The Importance of Inventory Observations

For cannabis companies that require audited financial statements that conform with Generally Accepted Accounting Principles (GAAP), an auditor must observe their year-end inventory. Whether cannabis companies are retail dispensaries or cultivation and extraction facilities, inventory counts are critical; they are called ‘material’ and are part of the balance sheet.

Inventory observation requirements started in the late 1970s when there were several well-publicized large-scale fraud cases. In one case, MiniScribe, a Longmont, Colorado manufacturer of disk storage products, packed bricks in shipping boxes to pass them off as hard drive inventory ready to be sold. An inventory observation would have uncovered this financial fraud.

Today, more and more cannabis companies have their financial statements audited for a variety of reasons. Some states require audited financial statements as part of an operator’s license renewal process. Other cannabis companies use audited financial statements as due diligence for a company sale or merger. Some cannabis companies find audited financials lower their cost of capital when raising or borrowing money.

In preparation for inventory observations that I perform on Bridge West’s clients, I visit clients within a day or two of year-end. The goal is to determine if we can rely on the accuracy of the inventory counts in the reports. I take test counts and compare them to the inventory reports from their cannabis software. The next step is to use the reports to price the individual line items, at cost. Then, we calculate the total value of the inventory on the company’s balance sheet.

To perform a recent inventory observation, I visited a client that recently acquired a retail dispensary and a large cultivation site. I met with the Head of Inventory and their General Manager (GM), who provided some insights. They said that the pound bags ‘fly off the shelves’ in a matter of days; however, this is not the case for the other cannabis products like edibles, tinctures, concentrates, and capsules. While these products constitute half of the store’s sales, slow-moving products can sit for months and then must be properly disposed of, as they near their expiration dates. The GM and I counted these items, including large see-through plastic bags that held pre-rolled one-gram joints, and one-pound bags of very high-quality marijuana. All the bags matched the grams noted on the inventory report. At most dispensaries, a high percentage of the value is in the pounds of marijuana, usually stored in one-pound bags in a locked room or large safe.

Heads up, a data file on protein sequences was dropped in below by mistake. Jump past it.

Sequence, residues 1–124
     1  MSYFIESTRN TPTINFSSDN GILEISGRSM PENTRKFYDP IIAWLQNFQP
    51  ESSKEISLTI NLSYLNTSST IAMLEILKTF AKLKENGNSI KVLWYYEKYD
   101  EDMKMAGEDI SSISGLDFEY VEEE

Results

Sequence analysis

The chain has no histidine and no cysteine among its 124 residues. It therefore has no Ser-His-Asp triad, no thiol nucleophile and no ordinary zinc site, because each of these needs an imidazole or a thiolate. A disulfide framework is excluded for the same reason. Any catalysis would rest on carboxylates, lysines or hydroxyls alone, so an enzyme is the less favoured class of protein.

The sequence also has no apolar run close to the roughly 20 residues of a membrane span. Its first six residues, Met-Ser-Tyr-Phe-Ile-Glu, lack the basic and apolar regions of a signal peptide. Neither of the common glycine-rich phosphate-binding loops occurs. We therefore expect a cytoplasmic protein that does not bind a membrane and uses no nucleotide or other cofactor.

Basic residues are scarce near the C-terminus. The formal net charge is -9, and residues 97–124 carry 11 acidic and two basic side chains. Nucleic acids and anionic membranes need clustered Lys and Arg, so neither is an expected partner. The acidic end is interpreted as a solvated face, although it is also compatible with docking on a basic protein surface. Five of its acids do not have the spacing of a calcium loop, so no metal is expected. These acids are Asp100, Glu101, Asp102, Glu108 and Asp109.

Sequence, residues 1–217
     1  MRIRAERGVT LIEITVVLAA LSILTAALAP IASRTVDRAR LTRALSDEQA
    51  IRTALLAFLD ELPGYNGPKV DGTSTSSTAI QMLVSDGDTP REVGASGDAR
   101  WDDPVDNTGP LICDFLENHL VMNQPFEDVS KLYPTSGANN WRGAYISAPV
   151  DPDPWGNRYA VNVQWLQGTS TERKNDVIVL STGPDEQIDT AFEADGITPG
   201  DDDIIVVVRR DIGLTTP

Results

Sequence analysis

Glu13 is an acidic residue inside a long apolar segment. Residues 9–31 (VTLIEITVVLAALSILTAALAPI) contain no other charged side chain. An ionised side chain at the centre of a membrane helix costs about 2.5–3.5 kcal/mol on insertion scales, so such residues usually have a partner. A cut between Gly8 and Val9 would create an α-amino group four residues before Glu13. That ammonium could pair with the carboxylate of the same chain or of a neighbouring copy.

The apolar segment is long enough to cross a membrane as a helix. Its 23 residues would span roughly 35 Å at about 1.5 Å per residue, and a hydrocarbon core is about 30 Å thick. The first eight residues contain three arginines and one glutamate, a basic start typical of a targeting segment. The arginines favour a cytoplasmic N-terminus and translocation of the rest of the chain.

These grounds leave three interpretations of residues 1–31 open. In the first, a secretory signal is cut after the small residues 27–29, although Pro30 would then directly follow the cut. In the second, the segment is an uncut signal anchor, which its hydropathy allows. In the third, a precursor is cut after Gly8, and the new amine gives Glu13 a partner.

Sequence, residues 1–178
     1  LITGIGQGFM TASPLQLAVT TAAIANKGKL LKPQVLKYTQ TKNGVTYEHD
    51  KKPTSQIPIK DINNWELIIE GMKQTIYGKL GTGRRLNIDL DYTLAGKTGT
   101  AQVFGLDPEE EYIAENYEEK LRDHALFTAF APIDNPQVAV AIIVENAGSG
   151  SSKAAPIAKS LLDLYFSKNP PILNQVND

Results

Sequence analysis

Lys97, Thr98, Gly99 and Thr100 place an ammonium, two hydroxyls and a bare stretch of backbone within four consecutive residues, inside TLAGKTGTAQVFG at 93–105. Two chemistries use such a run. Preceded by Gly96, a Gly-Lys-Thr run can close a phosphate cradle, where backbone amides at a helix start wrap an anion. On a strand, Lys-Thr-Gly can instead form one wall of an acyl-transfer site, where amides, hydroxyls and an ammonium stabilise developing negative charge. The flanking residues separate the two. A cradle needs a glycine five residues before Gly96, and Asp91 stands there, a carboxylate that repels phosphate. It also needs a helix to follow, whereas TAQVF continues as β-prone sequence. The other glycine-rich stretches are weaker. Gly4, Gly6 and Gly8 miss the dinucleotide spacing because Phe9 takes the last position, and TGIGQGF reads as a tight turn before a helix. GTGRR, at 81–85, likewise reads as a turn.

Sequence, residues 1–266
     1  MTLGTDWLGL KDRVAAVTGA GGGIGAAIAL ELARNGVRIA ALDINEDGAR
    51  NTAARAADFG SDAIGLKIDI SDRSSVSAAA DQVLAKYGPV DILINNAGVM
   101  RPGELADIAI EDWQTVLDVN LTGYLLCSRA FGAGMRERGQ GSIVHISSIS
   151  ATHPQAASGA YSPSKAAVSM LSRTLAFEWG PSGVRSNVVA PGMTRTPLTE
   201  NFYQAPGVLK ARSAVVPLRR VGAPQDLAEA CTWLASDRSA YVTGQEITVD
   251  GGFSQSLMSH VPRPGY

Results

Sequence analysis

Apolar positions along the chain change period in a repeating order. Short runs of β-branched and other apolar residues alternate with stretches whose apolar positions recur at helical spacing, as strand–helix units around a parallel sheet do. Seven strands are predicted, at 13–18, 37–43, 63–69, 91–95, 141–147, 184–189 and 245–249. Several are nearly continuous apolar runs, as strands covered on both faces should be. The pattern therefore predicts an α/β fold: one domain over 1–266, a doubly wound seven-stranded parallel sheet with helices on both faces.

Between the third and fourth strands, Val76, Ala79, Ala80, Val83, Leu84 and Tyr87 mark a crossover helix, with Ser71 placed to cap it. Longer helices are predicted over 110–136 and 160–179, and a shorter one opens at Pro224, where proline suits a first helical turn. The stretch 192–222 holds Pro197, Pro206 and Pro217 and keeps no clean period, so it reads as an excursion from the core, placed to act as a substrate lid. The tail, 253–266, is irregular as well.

Then we headed to tour their cannabis cultivation facility that houses over 10,000 plants. The cultivation center included tiny clones that were four inches high, mature plants, and six-foot-high ‘mother plants.’ They are called ‘mother plants’ because cuttings are taken from them to become clones. A facility like this can produce thousands of pounds a year, although yields vary greatly depending on the strain.

This client’s cultivation facility had very accurate plant counts that matched the Metric reports. Their plants looked very healthy and showed no signs of yellow leaves to indicate they were afflicted with any plant diseases that can lead to the destruction of the entire grow room.

As background, the State of Colorado’s tracking system is called Metric. The theory behind Metric is that every gram of cannabis is tracked from the time the clone goes into the bucket of soil until it is sold to the customer, in the case of recreational marijuana, or to the patient, in the case of medical marijuana. The State of Colorado’s regulatory agency is The Marijuana Enforcement Division (The MED) that established several goals for the Metric System, including:

  • Preventing out-of-State shipments of cannabis
  • Preventing sales to minors
  • Ensuring the State collects its proper taxes
  • Tracking products that make people sick to recall them

For cannabis companies, this process is a lot of work. Plants are marked with inventory tags that track them from baby clones through to mature plants that are harvested, dried, and packaged in one-pound bags. Shipments of the bags are tracked from the cultivator to the dispensary. Packaged ounces, quarter and eighth ounces, and joints, are labeled with their batch numbers and harvest dates. When the bags arrive at retail locations, they are immediately logged into the stores’ Metric system. They are then packaged into individual plastic containers by weight with the labels attached.

For cannabis employees, this is a continuous process throughout the day. Deliveries can happen anytime the store is open. At most large cannabis companies, a Head of Inventory and the Store Managers work together to oversee this process and root-out exceptions.

During my inventory observation visit, I was pleased that our client had very accurate inventory numbers and my test counts were exact to the Metric reports. Overall, my trip was a success!

If you have any questions about inventory observation requirements, or would like to discuss how inventory tracking and observations can impact your business, please contact Jim Marty, CEO and Founder of Bridge West at

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